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1 - 10 of 38 results for: ARTHIST ; Currently searching spring courses. You can expand your search to include all quarters

ARTHIST 3: Introduction to World Architecture (CLASSICS 54)

This course offers an expansive and wide-ranging introduction to architecture and urban design from the earliest human constructions to the mid-20th century. The examples range from the Americas to Europe, the Middle East, South and East Asia. The diverse technologies and materialities of building are addressed throughout and an overriding concern is to understand architecture as a sensible manifestation of particular cultures, whether societies or individuals. To the same ends, student writing assignments will involve the analysis of local space, whether a room or a building, and then the built environment at large
Terms: Spr | Units: 5 | UG Reqs: GER:DB-Hum, WAY-A-II
Instructors: Barry, F. (PI)

ARTHIST 36: Dangerous Ideas (COMPLIT 36A, EALC 36, ENGLISH 71, ETHICSOC 36X, FRENCH 36, HISTORY 3D, MUSIC 36H, PHIL 36, POLISCI 70, RELIGST 36X, SLAVIC 36)

Ideas matter. Concepts such as revolution, tradition, and hell have inspired social movements, shaped political systems, and dramatically influenced the lives of individuals. Others, like immigration, universal basic income, and youth play an important role in contemporary debates in the United States. All of these ideas are contested, and they have a real power to change lives, for better and for worse. In this one-unit class we will examine these "dangerous" ideas. Each week, a faculty member from a different department in the humanities and arts will explore a concept that has shaped human experience across time and space. Some weeks will have short reading assignments, but you are not required to purchase any materials.
Terms: Spr | Units: 1
Instructors: Anderson, R. (PI)

ARTHIST 100N: The Artist in Ancient Greek Society (CLASSICS 18N)

Given the importance of art to all aspects of their lives, the Greeks had reason to respect their artists. Yet potters, painters and even sculptors possessed little social standing. Why did the Greeks value the work of craftsmen but not the men themselves? Why did Herodotus dismiss those who worked with their hands as "mechanics?" What prompted Homer to claim that "there is no greater glory for a man than what he achieves with his own hands," provided that he was throwing a discus and not a vase on a wheel? Painted pottery was essential to the religious and secular lives of the Greeks. Libations to the gods and to the dead required vessels from which to pour them. Economic prosperity depended on the export of wine and oil in durable clay containers. At home, depictions of gods and heroes on vases reinforced Greek values and helped parents to educate their children. Vases depicting Dionysian excess were produced for elite symposia, from which those who potted and painted them were exclu more »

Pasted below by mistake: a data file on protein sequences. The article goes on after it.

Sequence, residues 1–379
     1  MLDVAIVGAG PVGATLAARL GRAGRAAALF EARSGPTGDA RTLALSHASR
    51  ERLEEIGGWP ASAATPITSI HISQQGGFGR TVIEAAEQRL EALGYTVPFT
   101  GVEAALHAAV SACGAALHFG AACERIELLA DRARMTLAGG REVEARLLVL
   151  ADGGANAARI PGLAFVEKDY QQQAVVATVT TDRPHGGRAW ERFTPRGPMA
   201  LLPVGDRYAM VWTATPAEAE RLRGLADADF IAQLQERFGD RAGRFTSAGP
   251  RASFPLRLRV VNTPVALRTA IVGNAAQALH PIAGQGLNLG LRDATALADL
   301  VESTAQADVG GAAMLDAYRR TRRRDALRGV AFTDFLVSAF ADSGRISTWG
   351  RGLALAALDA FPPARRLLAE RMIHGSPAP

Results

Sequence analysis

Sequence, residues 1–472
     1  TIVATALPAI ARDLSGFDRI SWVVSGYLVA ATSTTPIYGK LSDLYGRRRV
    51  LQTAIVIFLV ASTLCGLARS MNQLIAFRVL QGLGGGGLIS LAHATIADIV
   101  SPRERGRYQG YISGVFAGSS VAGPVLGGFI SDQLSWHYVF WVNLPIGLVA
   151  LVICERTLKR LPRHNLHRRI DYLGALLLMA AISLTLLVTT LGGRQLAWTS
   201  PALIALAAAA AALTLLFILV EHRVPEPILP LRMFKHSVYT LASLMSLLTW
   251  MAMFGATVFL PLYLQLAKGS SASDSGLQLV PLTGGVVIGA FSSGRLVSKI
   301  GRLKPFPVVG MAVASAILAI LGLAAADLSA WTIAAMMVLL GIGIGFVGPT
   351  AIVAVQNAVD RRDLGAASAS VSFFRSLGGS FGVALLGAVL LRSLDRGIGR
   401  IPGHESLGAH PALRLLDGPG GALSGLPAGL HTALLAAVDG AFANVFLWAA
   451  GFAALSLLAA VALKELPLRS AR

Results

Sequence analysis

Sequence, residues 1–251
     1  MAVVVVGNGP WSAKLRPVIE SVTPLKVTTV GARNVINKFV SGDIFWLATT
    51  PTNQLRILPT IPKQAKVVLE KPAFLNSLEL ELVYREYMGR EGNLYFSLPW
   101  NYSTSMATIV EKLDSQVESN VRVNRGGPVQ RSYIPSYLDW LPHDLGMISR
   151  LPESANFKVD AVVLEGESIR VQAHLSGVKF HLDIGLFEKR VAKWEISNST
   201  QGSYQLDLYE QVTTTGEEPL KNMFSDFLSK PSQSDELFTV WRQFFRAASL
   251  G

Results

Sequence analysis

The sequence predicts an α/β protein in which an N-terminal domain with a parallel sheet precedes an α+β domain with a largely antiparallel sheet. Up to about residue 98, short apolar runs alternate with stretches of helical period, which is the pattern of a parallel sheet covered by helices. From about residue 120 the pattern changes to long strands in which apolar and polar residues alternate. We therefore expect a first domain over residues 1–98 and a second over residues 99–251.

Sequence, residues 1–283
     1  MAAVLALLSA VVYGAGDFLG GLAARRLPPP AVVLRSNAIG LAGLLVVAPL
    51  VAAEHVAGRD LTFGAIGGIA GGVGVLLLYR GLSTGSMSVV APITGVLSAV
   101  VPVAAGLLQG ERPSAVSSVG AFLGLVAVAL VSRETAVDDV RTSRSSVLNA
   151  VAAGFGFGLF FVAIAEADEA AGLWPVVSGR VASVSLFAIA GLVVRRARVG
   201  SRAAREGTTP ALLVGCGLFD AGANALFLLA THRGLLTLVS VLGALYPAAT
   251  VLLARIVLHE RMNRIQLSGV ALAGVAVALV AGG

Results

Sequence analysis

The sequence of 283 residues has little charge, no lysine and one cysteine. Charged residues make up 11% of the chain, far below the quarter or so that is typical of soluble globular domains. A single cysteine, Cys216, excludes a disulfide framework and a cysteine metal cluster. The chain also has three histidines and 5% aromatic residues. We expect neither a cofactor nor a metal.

Given the importance of art to all aspects of their lives, the Greeks had reason to respect their artists. Yet potters, painters and even sculptors possessed little social standing. Why did the Greeks value the work of craftsmen but not the men themselves? Why did Herodotus dismiss those who worked with their hands as "mechanics?" What prompted Homer to claim that "there is no greater glory for a man than what he achieves with his own hands," provided that he was throwing a discus and not a vase on a wheel? Painted pottery was essential to the religious and secular lives of the Greeks. Libations to the gods and to the dead required vessels from which to pour them. Economic prosperity depended on the export of wine and oil in durable clay containers. At home, depictions of gods and heroes on vases reinforced Greek values and helped parents to educate their children. Vases depicting Dionysian excess were produced for elite symposia, from which those who potted and painted them were excluded. Sculptors were less lowly but still regarded as "mechanics," with soft bodies and soft minds (Xenophon), "indifferent to higher things" (Plutarch). The seminar addresses such issues as we work to acknowledge our own privilege and biases. Students will read and discuss texts, write response papers and present slide lectures on aspects of the artist's profession.
Terms: Spr | Units: 3 | UG Reqs: GER:DB-Hum, WAY-A-II
Instructors: Maxmin, J. (PI)

ARTHIST 106: Byzantine Art and Architecture, 300-1453 C.E. (ARTHIST 306, CLASSICS 171)